Smita Patil, Naseeruddin Shah, Om Puri, Deepti Naval, Suresh Oberoi,
Deena Pathak, Supriya Pathak, Mohan Gokhle
Producer - NFDC
Director – Ketan Mehta
Music – Rajat Dholakia
Camera – Jehangir Chaudhary
Story - Chunnilal Madiya
SONBAI is something of a legend in Saurashtra. She was the one,
who had dared to defy the village subedar and lived to tell
the tale. Ketan Mahta, in Mirch Masala transforms the legend
into potent cinema. It’s not just the story of one woman,
but of the social and moral upheaval that takes place in a village
resigned to tyranny. Set in the British era, this village is
ruled by a cruel and clownish subear (It looks like only Naseeruddin
Shah could have played the role. He’s simply superb).
He sets his heart on Sonbai (Smita Patil) who escapes from his
clutches, into a chilli factory, where the local women work.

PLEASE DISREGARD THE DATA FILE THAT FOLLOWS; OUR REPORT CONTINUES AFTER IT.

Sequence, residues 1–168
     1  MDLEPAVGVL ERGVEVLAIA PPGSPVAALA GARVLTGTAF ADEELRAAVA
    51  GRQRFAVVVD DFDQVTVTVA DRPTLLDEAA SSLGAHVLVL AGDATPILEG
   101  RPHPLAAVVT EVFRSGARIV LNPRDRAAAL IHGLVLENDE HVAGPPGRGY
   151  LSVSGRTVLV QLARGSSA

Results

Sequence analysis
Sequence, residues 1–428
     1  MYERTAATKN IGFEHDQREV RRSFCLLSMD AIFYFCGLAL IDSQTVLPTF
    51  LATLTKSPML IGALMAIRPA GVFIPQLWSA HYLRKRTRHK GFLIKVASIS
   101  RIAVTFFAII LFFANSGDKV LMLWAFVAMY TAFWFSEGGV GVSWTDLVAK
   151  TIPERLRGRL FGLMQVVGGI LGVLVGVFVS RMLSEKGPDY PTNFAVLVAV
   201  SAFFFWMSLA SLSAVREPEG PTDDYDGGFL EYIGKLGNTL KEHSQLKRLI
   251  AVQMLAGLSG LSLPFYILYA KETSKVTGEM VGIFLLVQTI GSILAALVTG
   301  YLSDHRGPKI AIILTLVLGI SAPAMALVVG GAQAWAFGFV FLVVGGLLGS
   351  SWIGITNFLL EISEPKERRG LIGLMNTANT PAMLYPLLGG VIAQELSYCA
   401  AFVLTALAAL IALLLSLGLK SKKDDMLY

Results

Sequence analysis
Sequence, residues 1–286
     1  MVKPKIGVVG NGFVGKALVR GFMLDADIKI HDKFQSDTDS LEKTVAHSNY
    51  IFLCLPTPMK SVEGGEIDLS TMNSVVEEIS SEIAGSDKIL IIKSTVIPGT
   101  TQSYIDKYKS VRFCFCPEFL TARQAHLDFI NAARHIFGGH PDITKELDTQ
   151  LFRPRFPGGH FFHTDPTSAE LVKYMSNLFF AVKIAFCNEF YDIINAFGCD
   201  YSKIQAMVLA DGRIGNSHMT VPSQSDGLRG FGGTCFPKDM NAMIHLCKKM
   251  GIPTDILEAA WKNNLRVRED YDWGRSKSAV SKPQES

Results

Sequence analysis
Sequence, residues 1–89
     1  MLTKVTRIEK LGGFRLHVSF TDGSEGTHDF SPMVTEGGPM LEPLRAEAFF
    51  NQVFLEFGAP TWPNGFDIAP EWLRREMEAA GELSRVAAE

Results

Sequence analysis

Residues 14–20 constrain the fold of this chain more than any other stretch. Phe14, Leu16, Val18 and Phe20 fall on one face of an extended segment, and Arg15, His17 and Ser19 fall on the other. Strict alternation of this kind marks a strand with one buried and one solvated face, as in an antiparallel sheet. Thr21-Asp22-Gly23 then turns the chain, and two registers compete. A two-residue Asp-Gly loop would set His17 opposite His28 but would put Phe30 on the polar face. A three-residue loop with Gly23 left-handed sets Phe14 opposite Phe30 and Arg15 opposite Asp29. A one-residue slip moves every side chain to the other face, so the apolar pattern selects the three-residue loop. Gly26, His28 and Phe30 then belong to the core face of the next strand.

The old Muslim watchman (Om Puri) of the factory
barricades the woman behind the factory gates and challenges
the subedar to break the gates if he wants to get Sonbai.
The villagers tremble under his wrath.
The mukhi (Suresh Oberoi) and the men of the village are willing
to strike bargain with the subedar, they will give him Sonbai,
if he will spare the village.
The mukhi’s wife (Deepti Naval giving
a quietly dignified performance), the only progressive minded
woman in the village tries to gather together a weak army of
thali-beating women but it doesn’t work.
It is the self-respect of an entire village
against a man’s insane demand. The women in the factory
curse and abuse Sonbai for bringing trouble. “You won’t
find a lover like him,” says a woman (Ratna Pathak Shah
in an impressive cameo) who has been to the subedar’s
tent in return for a small gift.
In the midst of the storm, Sonbai stands
tall, supported only by the old chowkidaar.